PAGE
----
The fine art of oral storytelling is becoming less and less common in the modern era. Certainly everyone tells stories over the dinner table or to their friends, but full-fledged oral traditions are rare. As a result, many people don't have a good sense of manners when dealing with a storyteller. Here are some key points to keep in mind, to make sure that everyone else also enjoys the tale, and to keep the storyteller from coming after you later.

Of course, there are situations in which these rules don't apply. Use your best judgment, and a hefty dose of common sense. The best rule of thumb, however, is simply to ask: "If I were telling this story, how would I appreciate someone doing this?" The storytellers will appreciate your courtesy.
For the storyteller:

Though storytelling as a folk art encourages the participation of amateurs and has an air of informality, it is helpful to understand that it is also a performance art, so I'd suggest the following rules of etiquette:

  1. Respect time limits. If a story swap or open mic has a limit of 5 minutes, tell a story that fits within the time limit. Don't try and cram in a 10 minute story by speaking twice as fast, and don't assume that your story or your telling is so compelling it deserves more. (And there's no need to preface your story with: "Well, I can't tell you my best story because that would take too long...")
  2. Respect your audience. If they can't hear your story, they can't appreciate it--If you are offered the chance to use a microphone, use it (unless you have had voice training, the kind that allows you to project to the back of an opera house, and have properly warmed up your voice). Take your audience into consideration when choosing which story to tell. An adult audience may not wish to hear the version of "Goldilocks and the Three Bears" that you tell at your child's pre-school. Similarly, if there are children in the audience, it may not be the time to present your "Adventures of my Genitalia" monologue that played so well at Burning Man.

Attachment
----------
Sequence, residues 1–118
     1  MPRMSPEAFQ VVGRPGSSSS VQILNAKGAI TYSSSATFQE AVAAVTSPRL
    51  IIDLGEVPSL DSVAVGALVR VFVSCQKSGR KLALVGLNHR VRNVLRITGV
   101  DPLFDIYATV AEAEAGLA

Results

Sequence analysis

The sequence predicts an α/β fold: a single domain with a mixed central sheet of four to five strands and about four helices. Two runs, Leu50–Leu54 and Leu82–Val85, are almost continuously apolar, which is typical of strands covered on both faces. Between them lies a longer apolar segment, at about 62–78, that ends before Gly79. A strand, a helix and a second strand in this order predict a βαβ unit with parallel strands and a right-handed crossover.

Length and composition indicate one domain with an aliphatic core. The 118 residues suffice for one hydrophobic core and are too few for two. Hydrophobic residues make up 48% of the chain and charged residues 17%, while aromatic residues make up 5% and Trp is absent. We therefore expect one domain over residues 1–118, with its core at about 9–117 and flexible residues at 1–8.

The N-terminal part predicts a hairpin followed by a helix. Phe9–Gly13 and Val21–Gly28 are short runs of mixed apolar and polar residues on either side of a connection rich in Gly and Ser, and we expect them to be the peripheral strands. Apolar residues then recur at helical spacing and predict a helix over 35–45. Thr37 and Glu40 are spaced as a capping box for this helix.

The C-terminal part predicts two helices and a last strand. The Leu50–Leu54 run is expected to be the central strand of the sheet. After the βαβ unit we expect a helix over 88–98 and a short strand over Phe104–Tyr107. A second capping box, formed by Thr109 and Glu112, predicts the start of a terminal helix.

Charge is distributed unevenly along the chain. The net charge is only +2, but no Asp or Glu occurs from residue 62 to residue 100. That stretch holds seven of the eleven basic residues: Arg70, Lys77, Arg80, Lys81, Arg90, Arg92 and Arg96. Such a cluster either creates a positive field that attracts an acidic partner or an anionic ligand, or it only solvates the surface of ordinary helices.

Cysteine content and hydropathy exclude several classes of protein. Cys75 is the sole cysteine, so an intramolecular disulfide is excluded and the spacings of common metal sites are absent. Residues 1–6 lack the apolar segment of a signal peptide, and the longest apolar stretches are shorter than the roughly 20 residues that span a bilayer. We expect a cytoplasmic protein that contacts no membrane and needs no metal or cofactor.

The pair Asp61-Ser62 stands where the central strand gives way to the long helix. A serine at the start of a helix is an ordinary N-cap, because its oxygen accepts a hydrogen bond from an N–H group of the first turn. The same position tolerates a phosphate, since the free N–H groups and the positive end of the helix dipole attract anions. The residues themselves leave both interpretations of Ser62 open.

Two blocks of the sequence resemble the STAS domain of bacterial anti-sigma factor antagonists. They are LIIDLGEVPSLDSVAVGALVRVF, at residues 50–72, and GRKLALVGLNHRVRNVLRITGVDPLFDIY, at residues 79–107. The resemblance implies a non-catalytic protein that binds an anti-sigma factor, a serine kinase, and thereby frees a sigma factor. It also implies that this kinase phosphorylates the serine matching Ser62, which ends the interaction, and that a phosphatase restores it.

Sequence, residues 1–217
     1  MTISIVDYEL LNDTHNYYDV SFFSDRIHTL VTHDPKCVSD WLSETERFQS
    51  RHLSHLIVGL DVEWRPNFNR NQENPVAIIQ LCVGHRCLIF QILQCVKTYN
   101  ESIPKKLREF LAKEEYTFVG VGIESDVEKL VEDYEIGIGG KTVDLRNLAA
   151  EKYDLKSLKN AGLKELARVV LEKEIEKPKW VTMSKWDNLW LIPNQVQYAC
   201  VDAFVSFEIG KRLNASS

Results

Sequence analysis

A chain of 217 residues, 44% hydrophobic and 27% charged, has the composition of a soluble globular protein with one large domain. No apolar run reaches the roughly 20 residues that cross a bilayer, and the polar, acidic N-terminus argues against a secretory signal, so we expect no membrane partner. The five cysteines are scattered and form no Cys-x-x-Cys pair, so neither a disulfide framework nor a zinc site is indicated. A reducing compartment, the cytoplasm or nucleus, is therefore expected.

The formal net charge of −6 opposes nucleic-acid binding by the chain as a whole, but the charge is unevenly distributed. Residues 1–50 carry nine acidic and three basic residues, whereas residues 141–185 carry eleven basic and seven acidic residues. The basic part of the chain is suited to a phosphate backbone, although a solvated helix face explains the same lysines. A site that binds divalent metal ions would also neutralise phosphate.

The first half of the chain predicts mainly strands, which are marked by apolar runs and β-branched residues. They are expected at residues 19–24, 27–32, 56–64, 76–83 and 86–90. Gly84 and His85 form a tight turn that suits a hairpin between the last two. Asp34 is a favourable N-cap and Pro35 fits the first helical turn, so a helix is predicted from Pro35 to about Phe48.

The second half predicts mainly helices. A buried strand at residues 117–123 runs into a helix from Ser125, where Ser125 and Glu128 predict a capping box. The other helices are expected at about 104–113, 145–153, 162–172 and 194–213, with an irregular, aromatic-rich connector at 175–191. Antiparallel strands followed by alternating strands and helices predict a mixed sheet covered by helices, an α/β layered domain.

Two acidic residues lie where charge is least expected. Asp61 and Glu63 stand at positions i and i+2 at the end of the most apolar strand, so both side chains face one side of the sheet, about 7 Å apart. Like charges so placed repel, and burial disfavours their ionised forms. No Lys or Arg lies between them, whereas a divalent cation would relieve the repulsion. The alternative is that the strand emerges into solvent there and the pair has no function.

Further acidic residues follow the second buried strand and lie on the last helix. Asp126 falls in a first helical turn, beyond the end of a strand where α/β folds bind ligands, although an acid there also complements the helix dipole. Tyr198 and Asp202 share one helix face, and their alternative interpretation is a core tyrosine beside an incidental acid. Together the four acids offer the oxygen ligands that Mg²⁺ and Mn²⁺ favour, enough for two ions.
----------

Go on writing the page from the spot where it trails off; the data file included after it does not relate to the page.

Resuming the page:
In July 1993, Barbara Griffin, Olga Loya, Sandra MacLees, Nancy Schimmel, Harlynne Geisler and Kathleen Zundell--all storytellers from the West Coast of the United States, compiled and placed this statement in the public domain:

Stories are to share and tell. While we encourage the art of sharing stories, we want to encourage respect in our community.
  • You deserve respect. Respect other tellers.
  • A storyteller's personal, family and original stories are her/his copyrighted property.
  • It is unethical to tell another person's original, personal and family stories without the author/storyteller's permission.
  • Folklore and folktales are owned by the public, but a specific version told by an individual teller or found in a collection is the author's or teller's copyrighted property. If you like a folktale you hear, ask the teller for a reference, or where it can be found.
  • Research the story by finding other versions, and then tell it your way.
  • Published literary tales and poetry are copyrighted material. They may be told at informal story swaps, but when you tell another's story in a paid professional setting, you must have the publisher's/author's permission.
  • When telling anywhere, it is common courtesy to credit the source of your story.
  • If you hear anyone breaking these rules of etiquette, it is your responsibility to discuss the rules with them and to tell the storyteller whose tales they are telling.*
  • Pass stories, share stories, and encourage respect within the storytelling community. Please feel free to copy this etiquette statement and pass it out or read it at storytelling events.

 


* This snitch rule may have caused some controversy-- most reprints of this list don't seem to include it. However, as the women who created the list make their respective livings as professional storytellers, it's a matter of professional courtesy for them to alert their peers to copyright infringement.

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